Historically, Baptists and the churches that organized the UCC in 1957 have had a close but at times painful history. Conflict between Congregationalists and Baptists in 17th-century New England resulted in the flight of Baptist dissenters from Massachusetts Bay Colony and their founding of a new colony in Rhode Island dedicated to religious freedom. The growing relationship between the Alliance and the UCC has offered an opportunity for both traditions to explore their their history, but more than that, it has helped both traditions discover a wealth of shared biblical and theological conviction.
UCC and Alliance congregations are beginning to form strong and enduring partnerships. Many of these relationships are growing in the Southeast, where the Baptist tradition is particularly strong.
General Synod in 2001 affirmed the continuing dialogue between the two churches, and invited the Christian Church (Disciples of Christ) to join the conversation as observers. We hope that in the near future Disciples will be able to enter the dialogue as full partners.
|Links to Resources|
Centuries of division between the Lutheran and Reformed branches of Protestant Christianity came to an end in 1997 when three Reformed churches (including the UCC) and the Evangelical Lutheran Church in America agreed on a relationship of full communion through a "Formula of Agreement." A few years earlier, Reformed and Lutheran churches in Europe—where the division between the two Protestant families dates back to the time of Luther and Calvin—agreed to a similar reconciliation through the Leuenberg Agreement.
acknowledges common historical roots between the two traditions, with a deeply shared theological and liturgical heritage.
moves beyond the historic 16th-century condemnations that divided Lutheran and Reformed Christians.
accepts the reality that there are important theological, spiritual and liturgical differences between the two traditions, but that these are not church-dividing, but rather a gift to each other.
celebrates the potential for shared mission and ministry as the two traditions grow closer.
The United Church of Christ is the only church in the relationship that has roots in both the Reformed and Lutheran heritage. Our "German Evangelical" tradition drew from the wells of both Reformed and Lutheran Christianity. Many UCC congregations of our "German Reformed" tradition—especially in historically German-American communities in Pennsylvania—have lived together with Lutheran congregations as "union churches" since the 18th century.
|Links to Resources|
General Synod: 1997 vote for Formula of Agreement
Text of Formula of Agreement
Orderly Exchange of Ministers of Word and Sacrament
Evangelical Lutheran Church in America [ELCA website]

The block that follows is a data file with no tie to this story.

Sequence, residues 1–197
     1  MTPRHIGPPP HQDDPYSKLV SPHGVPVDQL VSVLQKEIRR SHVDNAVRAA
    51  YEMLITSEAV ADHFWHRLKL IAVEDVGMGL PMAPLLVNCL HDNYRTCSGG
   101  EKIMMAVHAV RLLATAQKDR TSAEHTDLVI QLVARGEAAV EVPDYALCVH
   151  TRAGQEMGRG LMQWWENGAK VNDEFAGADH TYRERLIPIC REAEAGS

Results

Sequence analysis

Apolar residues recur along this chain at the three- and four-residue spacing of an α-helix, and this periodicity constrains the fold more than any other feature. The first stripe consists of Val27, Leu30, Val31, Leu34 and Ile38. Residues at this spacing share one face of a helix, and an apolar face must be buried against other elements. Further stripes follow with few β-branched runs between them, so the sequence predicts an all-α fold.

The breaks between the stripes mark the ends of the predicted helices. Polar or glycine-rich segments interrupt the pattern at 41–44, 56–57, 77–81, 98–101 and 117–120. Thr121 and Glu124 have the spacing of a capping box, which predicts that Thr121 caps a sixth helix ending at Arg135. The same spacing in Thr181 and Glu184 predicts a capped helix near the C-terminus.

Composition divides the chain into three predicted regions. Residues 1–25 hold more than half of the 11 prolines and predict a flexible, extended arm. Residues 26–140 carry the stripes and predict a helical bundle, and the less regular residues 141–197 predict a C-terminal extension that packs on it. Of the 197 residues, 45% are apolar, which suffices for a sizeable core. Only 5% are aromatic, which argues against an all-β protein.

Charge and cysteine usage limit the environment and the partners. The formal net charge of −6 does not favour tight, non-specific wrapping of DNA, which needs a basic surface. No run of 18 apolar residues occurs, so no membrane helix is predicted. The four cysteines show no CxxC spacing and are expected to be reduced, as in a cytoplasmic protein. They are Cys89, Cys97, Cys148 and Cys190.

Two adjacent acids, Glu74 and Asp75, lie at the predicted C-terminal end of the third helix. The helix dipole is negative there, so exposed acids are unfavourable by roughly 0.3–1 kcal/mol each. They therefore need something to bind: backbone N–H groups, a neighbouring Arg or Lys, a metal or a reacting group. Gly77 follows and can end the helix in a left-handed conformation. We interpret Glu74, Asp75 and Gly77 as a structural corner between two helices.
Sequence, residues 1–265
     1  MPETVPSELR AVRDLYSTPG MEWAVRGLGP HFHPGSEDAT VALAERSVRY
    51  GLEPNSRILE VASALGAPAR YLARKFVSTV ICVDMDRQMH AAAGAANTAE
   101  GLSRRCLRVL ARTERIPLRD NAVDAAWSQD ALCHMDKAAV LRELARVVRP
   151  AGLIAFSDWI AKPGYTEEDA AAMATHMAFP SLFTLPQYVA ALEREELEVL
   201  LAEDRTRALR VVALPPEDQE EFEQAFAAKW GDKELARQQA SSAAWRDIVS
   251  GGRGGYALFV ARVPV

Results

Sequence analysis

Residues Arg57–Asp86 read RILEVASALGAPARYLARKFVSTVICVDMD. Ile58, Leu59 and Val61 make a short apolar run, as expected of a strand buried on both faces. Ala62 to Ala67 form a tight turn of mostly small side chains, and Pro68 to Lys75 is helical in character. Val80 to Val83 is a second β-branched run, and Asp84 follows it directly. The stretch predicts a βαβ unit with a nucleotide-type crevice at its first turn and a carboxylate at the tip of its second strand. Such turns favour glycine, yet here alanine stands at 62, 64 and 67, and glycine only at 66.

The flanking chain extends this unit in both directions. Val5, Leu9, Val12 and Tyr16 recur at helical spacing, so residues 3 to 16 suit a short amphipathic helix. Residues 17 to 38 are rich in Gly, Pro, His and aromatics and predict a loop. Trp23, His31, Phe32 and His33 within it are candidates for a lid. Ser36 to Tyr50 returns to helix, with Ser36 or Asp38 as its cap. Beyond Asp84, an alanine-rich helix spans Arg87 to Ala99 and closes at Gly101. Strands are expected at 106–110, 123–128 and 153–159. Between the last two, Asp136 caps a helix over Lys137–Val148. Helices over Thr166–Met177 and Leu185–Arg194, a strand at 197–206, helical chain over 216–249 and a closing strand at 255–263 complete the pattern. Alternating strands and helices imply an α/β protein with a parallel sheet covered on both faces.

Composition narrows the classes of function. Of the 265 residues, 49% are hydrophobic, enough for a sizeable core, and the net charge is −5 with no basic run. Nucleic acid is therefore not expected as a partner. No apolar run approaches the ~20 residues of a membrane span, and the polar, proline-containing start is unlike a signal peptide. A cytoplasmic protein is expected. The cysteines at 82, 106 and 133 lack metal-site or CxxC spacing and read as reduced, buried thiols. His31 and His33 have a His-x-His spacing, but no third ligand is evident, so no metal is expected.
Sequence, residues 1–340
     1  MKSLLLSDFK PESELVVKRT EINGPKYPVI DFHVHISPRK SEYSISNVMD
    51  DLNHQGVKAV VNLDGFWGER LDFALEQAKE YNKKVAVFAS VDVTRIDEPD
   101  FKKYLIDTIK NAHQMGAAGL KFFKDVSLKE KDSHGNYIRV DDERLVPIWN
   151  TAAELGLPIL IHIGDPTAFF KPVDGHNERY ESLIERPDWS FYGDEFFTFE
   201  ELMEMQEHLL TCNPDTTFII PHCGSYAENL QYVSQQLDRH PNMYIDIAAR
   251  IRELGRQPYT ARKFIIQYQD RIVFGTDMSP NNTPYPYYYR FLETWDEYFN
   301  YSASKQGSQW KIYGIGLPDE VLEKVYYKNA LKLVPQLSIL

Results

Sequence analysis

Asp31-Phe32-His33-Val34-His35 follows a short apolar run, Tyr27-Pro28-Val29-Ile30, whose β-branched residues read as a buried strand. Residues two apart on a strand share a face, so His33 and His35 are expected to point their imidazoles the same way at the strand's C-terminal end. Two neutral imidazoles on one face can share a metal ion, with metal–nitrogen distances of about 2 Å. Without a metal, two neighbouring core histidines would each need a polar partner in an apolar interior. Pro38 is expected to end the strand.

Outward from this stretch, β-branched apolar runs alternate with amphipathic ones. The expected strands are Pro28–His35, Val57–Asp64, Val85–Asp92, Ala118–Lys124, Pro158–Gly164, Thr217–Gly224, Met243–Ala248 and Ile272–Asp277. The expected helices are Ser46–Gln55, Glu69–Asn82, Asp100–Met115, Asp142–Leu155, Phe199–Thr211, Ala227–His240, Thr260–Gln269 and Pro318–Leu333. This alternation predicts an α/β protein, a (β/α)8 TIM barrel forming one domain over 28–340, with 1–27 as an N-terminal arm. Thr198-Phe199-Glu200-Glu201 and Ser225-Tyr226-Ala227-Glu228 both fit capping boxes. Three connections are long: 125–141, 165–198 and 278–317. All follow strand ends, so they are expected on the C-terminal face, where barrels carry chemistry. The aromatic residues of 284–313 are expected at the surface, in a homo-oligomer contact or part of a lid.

Presbyterian Church (USA) [PCUSA website]
Reformed Church in America [RCA website]
In 1989 the United Church of Christ and the Christian Church (Disciples of Christ) approved a historic partnership of full communion. The two churches proclaimed mutual recognition of their sacraments and ordained ministry.
Though remaining two distinct denominations, the UCC and Disciples have committed through their partnership to seek opportunities for common ministry, especially where work together will enhance the mission of the church.
The partnership is a unique experiment in U.S. ecumenism. In every setting of the two churches, UCC members and Disciples are serving Christ side by side. There are now more than 30 "federated" congregations affiliated with both denominations, and it is now common for Disciples and UCC ministers to serve congregations of the other denomination. The Common Global Ministries Board, formed by the UCC's Wider Church Ministries and the Disciples' Division of Overseas Ministries, unites the international mission work of the two churches.
|Links to Resources|
Report from Ecumenical Partnership Committee
General Synod: 1989 vote on Partnership
Common Global Ministries Board website
Christian Church (Disciples of Christ) website
Partnership Website [unofficial]
The UCC's commitment to reconciliation among the separated branches of the Body of Christ includes our relationships of full communion. Among these relationships are the Ecumenical Partnership between the UCC and the Christian Church (Disciples of Christ) and the Formula of Agreement (FOA) among the UCC, Evangelical Lutheran Church in America, Presbyterian Church (USA) and the Reformed Church in America. Another relationship—which aims eventually to establish full communion among nine Protestant and Anglican churches in the U.S.—is Churches Uniting in Christ (CUIC). For the first time, CUIC offers hope that full ecclesial reconciliation will be possible between historically African American and European American churches.
Full communion means that divided churches recognize each others' sacraments and provide for the orderly transfer of ministers from one denomination to another. For example, Disciples of Christ ministers frequently serve UCC congregations, and UCC ministers can be called by Disciples congregations. While full communion opens up broad possibilities for cooperation among the national and regional ministries of participating churches, it is above all in relationships between local congregations that agreements of full communion become alive.